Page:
Overall, a character designer in an animated series might be your best bet. If I remember right, Cheeks http://conceptart.org/?artist=cheeks-74 had to design 10-20 background characters per day while working in the Spectacular Spider-Man series.
You won't get as much out of advanced classes if you are missing the basics. Advanced stuff tends to build on the basics.
Alos, if the advanced program is a full time program, and you need to play catchup with the basics on top of that, you are likely to end up running out of time to pay decent attention to either, and run the risk of both skills ending up half-baked.
Regarding animation (the side conversation). A friend of mine is a lead animator at Disney. He was essentially let go a number of years back when they went all digital - they sold all their traditional animation equipment, desks, etc. He developed his digital skills on his own (I believe - or picked them up before leaving). They called him back 3-4 years ago as he was one of the few traditional/digital guys around when they rebuilt their entire traditional approach. Disney has struggled with some of the animated features they've released since then but I don't think it is because they went back to traditional. This summer Winnie the Pooh will be coming out and it looks like they got this one right.
Personally I can't imagine how an animator (unless they're doing robots, vehicles, etc.) could develop their skills but not be able to draw - though I will certainly defer to Rabbit Run as they are much more part of that industry.
I'm sorry for my English but what I meant was exactly the opposite of what I said, I believe.
- What I really said (not them) was that I need to draw from observation. That I'm not at the right level to take that course.
- They said that I could make an effort to draw and take the course. And that it will be difficult but I can do it. That I know how to draw, just need to keep drawing.
I'm a very realistic person and I know my level of skill, so I couldn't believe their words.
(sometimes I get lost in my line of thought, especially in English)
So, the problem is that I'm more aware of my lack of knowledge them they are. Especially my friends, because I can understand that the school wants the money and to fill the class (hope that's the reason).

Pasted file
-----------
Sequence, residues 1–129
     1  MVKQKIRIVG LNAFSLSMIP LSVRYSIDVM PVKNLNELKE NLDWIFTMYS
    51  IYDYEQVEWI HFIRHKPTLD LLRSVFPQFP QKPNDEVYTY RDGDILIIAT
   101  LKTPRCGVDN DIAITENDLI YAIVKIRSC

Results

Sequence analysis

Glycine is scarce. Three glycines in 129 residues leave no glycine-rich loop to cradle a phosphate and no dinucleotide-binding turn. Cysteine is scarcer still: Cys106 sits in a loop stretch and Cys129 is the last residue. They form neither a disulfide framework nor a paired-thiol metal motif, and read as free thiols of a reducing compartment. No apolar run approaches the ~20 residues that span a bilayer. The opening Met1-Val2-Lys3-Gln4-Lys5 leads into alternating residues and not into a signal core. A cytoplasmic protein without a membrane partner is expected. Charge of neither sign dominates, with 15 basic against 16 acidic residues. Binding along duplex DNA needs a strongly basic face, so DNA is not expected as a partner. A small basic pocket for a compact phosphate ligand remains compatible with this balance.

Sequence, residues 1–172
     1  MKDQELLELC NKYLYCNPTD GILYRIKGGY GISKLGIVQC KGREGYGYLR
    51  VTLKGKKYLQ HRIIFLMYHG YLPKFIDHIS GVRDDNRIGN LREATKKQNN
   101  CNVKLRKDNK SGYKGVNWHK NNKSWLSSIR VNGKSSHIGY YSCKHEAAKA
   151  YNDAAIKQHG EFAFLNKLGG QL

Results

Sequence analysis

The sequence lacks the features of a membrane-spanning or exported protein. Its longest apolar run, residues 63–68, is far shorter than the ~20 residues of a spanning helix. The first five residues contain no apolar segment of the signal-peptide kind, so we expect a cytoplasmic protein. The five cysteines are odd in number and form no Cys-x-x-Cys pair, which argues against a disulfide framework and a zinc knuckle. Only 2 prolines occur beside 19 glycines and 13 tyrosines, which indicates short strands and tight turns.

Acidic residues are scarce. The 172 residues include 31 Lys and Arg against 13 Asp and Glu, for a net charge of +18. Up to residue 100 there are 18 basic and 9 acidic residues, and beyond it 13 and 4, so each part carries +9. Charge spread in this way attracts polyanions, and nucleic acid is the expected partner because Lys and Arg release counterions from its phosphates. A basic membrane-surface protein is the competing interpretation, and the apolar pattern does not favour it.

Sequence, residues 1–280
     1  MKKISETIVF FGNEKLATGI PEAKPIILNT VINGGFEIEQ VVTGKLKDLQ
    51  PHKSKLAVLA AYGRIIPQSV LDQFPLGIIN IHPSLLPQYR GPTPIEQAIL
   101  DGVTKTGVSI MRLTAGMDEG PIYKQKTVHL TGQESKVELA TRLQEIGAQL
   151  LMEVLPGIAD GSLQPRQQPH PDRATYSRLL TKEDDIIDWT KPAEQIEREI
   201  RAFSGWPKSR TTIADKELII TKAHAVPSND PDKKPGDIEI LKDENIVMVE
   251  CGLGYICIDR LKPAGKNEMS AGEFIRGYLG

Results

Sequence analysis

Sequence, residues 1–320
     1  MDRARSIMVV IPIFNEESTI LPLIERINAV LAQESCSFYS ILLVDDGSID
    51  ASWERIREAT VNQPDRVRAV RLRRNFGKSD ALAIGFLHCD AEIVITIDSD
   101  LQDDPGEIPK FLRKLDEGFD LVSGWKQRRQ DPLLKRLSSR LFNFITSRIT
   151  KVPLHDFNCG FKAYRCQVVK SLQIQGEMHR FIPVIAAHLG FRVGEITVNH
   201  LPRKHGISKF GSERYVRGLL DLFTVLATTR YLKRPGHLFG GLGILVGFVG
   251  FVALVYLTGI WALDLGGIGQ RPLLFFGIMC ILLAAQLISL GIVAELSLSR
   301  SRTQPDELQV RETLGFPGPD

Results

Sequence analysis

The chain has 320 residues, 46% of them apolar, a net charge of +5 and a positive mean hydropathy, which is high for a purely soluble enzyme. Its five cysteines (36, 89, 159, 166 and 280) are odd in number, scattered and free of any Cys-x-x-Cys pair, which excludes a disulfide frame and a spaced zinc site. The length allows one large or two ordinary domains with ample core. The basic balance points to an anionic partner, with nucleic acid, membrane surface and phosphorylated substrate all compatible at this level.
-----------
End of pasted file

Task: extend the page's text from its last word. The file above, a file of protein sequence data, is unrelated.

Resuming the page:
It was like 7 against 1, and I couldn't make my arguments prevail. They just think differently. And because I know I don't own reason, I'm trying to understand if I'm wrong in some point, giving the benefit of doubt.
I was starting to accept that I could do it too...
Last edited by pegasi; June 8th, 2011 at 02:40 PM.
Just to be clear - I think I understood things correctly the first time. But they were saying 7 to 1 that you should take the course or shouldn't at this time? Not that it matters too much - the idea is that you will get the most out of the program if you have a solid foundation.
I've Shown interest in the course but also said that I was worried about my skill level.
They said that I should take the course and make an effort to keep up.
What makes no sense at all is the people who teach the course telling me that. Like I know more about the process of learning them they do.
If you talked to the school and you have doubts, then listen to your doubts. Your friends will not be giving you time and money back if they are wrong. You can always find another program in the future when you're ready.
Ahhh...ok, I understand now. Well, that makes a bit more sense because your friends probably want you to be part of the thing with them, and the school would probably be happy to have another paying student.
To be honest, if it was me, and the money wasn't a huge issue, I would do it and just work my ass off to develop and grow. You'll be sharing the experience with friends and that may be more important than you know at this stage. Either way, you need to be working hard to develop so probably better to do it surrounded by school and peer support.
You may have mentioned this already, and I missed it....
Other then your friends, have you talked to the faculty or other people organizing the course? Show them our work, ask if your skills are up to par?
Have you taken any basic art classes yet, or are you mostly self-taught?